About Jimmie W. Hinze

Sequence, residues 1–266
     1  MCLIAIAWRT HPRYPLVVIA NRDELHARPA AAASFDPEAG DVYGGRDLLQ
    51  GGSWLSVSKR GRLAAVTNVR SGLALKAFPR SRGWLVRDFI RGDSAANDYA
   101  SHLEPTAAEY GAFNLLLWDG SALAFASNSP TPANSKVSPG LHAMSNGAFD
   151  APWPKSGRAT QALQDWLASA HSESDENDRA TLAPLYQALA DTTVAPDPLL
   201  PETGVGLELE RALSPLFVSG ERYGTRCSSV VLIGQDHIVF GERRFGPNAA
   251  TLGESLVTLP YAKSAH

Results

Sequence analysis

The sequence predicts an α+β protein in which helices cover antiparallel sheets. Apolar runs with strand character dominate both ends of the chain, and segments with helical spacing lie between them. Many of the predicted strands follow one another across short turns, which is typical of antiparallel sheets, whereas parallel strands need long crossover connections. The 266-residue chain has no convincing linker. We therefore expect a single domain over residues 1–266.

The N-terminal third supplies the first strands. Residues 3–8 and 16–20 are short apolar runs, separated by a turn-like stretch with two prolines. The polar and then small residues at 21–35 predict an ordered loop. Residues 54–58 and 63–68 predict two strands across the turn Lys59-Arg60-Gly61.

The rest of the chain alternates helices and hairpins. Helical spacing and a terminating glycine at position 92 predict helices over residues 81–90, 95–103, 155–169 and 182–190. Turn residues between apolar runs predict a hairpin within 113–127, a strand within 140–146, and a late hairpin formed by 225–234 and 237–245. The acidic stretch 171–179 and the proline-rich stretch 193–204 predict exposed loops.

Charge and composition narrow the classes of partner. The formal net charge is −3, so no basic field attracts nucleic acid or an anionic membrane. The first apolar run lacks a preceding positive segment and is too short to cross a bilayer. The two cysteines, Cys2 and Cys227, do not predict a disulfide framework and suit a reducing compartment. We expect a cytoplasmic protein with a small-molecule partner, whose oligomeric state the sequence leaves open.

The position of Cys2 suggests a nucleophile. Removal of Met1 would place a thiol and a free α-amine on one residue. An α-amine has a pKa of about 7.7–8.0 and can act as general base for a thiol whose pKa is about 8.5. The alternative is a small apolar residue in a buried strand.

RICHARD J. COBLE is an associate professor in the M.E. Rinker Sr., School of Building Construction and the director of the Center for Construction Safety and Loss Control at the University of Florida. He has extensive hands-on experience in construction, having undertaken several major construction projects throughout the U.S.A. His major research interest is in safety and health in construction, and he has recently been conducting investigative studies into workman's compensation fraud. He has shown a strong research interest in the area of automating the construction foreman, which is integral to scheduling safety into all aspects of the construction process. He is currently the international director of CIB W99, which is an international consortium of construction safety experts. He has published widely in the area of safety and health.JIMMIE HINZE is the director of the M.E. Rinker Sr., School of Building Construction at the University of Florida. He has been involved in the construction industry with particular interest in the field of safety and health since the early 1970s. He is a strong proponent of the view that safety should be incorporated into every subject on construction. He has worked extensively with OSHA in conducting several research studies. He has authored several books and journal articles on safety and health issues as they relate to construction. His book, entitled Construction Safety, is considered one of the most practical and comprehensive texts in the field of construction safety.THEO HAUPT is a lecturer at the Department of Construction Management and Quantity Surveying at Peninsula Technikon, Cape town, South Africa. He has served as the chairperson of the Western Cape branch of the South African Institute of Building (SAIB). He remains a National Council member of SAIB and enjoys membership in Architects and Surveyors Institute, Chartered Institute of Building, and Commonwealth Association of Surveying and Land Economics. His research interests include infrastructure policy and delivery in the context of developing countries. However, he is presently engaged in doctoral studies at the University of Florida, where his focus has been on construction safety issues. He has published several safety related articles and conference more